An 85-Year-Old Woman Wrote a Poignant Letter to People Who Are Hesitant About Whether to Have Children or Not

8 months ago

Having children or remaining child-free is a complex decision for many people. Many couples fear that they might regret not having children in the future. An 85-year-old widow, who lived a long life with her husband without having children, wrote an open letter specifically to those who are unsure about whether they want children or not.

A letter to young people who don’t want kids

Dear young people:

I was married for just over 50 years. We bucked the norm and did not want kids. In those days, we would say, “We’re trying,” for a while, and then, “We can’t have kids,” end of discussion. It was our little secret and nobody’s business. If we were honest and said, “We cannot have kids because we just don’t want them,” the fallout with family and friends would have been tough for us.

Our 50 years, in a nutshell, were perfect. We had good jobs, no money worries, and followed our own interests and hobbies. If I could go back in time, would I do it again? 100% yes. I would live the same life one thousand times.

This is my humble observation:

  • GROUP A: They have kids, have a great life, and all is perfect. I know many, so it can and does happen.
  • GROUP B: They have kids, it’s a hard life, and they have problems. Many wish they could have a child-free do-over.
  • GROUP C: They have kids, and all is good, but then the empty nest and dwindling contact breaks their hearts.
  • GROUP D: This is the child-free group — I only knew a few.

I cannot give breakdowns and percentages for all the groups. The bottom line, in my experience, GROUP D is always the happiest and most content. Of course, there are many happy people from GROUP A too.

My husband died 10 years ago. I mourned him and still miss him every day. But being child-free means this; my life was never defined by kids. I had a strong network of friends and so many hobbies. I was able to move forward. Life goes on, and I have a full and happy life and a new partner.

My friends who have lost their partners and have kids have the common problem of their kids not giving them enough time. It upsets and hurts them. They are too reliant on them. They expect “payback” for all the time and money they spent on them.

Their interests and hobbies are sometimes nonexistent because everything is/was about their kids (and grandkids). One friend said this, which I never forgot: “The empty nest thing is real, it is like being dumped by the love of your life after 2 or 3 decades, but staying friends. It is never the same.” I now have a private apartment in a “rest home,” lovely friends, full busy days, and lovely staff.

Have a nice day.

This letter has become popular on the internet, and people have started commenting on it. We decided to find out what younger people think about the revelation of this 85-year-old woman.

  • Thank you for this. It’s nice to know that there are people who have disproved the “You’ll be lonely when you’re old” line of nonsense. I watched my mom have kids way too early, and it completely destroyed her prospects, leading to a poor and unstable childhood for all of us. I don’t feel particularly bad about not having kids myself, and instead focusing on building a solid life for myself so that I don’t have to go through any of that again. I’m 23, and people occasionally ask me when I’m having kids, despite my honesty from childhood in telling them all that I don’t ever want children. © ShoddyCheesecake / Reddit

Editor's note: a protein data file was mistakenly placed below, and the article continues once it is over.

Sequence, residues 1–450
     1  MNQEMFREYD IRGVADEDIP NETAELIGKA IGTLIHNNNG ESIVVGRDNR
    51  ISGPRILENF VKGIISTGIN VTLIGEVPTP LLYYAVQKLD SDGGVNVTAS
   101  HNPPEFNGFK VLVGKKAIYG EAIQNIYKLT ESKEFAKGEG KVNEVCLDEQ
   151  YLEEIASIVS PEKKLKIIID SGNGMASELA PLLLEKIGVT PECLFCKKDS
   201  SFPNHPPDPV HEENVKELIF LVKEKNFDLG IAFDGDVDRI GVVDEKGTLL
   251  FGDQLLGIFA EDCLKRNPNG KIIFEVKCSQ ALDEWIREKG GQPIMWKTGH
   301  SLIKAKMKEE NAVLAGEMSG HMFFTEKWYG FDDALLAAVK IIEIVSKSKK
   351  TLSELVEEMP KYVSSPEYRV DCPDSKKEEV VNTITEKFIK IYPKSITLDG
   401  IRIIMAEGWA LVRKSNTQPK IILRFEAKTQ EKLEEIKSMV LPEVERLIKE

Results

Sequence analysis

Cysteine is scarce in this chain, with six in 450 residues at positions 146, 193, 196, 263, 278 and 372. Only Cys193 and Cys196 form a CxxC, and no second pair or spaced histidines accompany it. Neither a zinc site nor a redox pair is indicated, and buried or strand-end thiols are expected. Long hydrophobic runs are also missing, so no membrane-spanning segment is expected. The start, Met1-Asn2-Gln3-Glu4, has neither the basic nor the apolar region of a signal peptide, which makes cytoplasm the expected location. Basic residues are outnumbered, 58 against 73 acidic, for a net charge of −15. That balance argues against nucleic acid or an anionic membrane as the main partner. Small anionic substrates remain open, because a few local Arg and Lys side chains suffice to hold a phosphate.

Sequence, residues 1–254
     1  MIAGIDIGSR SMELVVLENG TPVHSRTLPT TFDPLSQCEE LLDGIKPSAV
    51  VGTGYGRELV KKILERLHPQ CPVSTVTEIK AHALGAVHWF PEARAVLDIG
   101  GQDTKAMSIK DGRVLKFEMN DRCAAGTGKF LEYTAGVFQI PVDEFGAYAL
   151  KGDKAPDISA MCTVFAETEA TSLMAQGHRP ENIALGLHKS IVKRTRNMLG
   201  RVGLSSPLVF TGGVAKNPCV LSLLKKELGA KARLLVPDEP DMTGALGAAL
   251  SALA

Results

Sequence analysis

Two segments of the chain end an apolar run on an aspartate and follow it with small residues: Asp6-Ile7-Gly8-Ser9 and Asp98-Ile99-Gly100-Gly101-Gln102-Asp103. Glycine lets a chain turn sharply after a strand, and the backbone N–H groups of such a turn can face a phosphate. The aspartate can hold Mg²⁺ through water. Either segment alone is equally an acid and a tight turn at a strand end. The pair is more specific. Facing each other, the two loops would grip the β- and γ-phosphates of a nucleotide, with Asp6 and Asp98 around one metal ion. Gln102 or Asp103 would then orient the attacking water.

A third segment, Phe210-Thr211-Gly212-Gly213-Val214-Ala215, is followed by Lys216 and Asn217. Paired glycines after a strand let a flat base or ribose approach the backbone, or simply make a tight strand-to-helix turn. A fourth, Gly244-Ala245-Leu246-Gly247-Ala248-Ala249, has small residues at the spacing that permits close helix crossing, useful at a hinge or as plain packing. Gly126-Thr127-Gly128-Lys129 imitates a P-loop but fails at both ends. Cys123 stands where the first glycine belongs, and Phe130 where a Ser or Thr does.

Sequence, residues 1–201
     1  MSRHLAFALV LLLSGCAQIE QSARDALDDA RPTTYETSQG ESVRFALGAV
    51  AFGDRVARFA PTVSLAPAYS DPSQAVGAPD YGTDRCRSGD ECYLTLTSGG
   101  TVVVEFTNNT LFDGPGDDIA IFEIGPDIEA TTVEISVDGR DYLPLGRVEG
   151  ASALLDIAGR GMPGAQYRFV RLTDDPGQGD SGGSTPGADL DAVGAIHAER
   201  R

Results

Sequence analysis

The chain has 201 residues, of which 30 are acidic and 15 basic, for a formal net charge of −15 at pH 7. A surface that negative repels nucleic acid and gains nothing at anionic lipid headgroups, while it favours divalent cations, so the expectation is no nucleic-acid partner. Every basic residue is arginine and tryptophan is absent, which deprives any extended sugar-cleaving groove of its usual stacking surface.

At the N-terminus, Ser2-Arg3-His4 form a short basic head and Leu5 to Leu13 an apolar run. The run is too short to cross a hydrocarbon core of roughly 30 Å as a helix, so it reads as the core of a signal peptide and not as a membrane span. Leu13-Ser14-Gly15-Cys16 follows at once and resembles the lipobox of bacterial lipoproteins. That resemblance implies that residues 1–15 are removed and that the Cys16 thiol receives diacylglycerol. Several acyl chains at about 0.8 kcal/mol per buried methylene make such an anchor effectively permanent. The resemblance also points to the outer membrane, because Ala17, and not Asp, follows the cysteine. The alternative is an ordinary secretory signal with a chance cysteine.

• There is, of course, a group E. Those who desperately want kids but can’t have them. We all have our own wants and needs. In my 20s, I didn’t want kids, but I met a wonderful man, and we had a daughter. She has been hard work over the years, but I wouldn’t be without her. Also, without her, I would not have a lovely son-in-law or 2 wonderful grandsons! © Terry Key / Facebook
  • I have no kids. Not for one second of my life have I ever wanted them. I am more than happy with all of my hobbies and the things that I do. Why bring more people into an already overpopulated world? © Owen Hall / Facebook
  • Last Thursday, in the waiting room of the surgeon’s office, while my husband was getting his vasectomy, I met a lovely older lady who I aspire to be when I’m older. She was in her 70s, had traveled the world, ridden elephants and camels, had seen all these exotic places, looked so much younger than she was, and was just happy. She radiated it. She was talking to a younger couple that was holding an infant about how she had never had children, had never changed a diaper, and never stayed up all night with a sick or crying child. They couldn’t believe it and kept asking if she regretted it, and every time she answered with a firm no. They acted like she was lying, but it was obvious she wasn’t. © eldest123323 / Reddit
  • The decision to have children is personal, but honestly, my experience has been quite the opposite of this woman’s. Everyone I know with kids seems happier and much, much more grounded and fulfilled than those who don’t. Are kids a lot of work? Yes. Are they expensive? Yes. But they also force you to grow up and give your life a purpose like you’ve never known before. © Lisa Marie Tovey / Facebook
  • That’s for her, not for everyone. Most people want to have kids, and once you do, that’s the best accomplishment in life for many, many parents. You might have a great career, money, and fame, but nothing compares to your children. © Anisoara Palade / Facebook

More and more women are choosing not to become mothers. We have identified 5 reasons why the childfree lifestyle can be easier and more attractive for women compared to modern motherhood.

Preview photo credit Pxfuel


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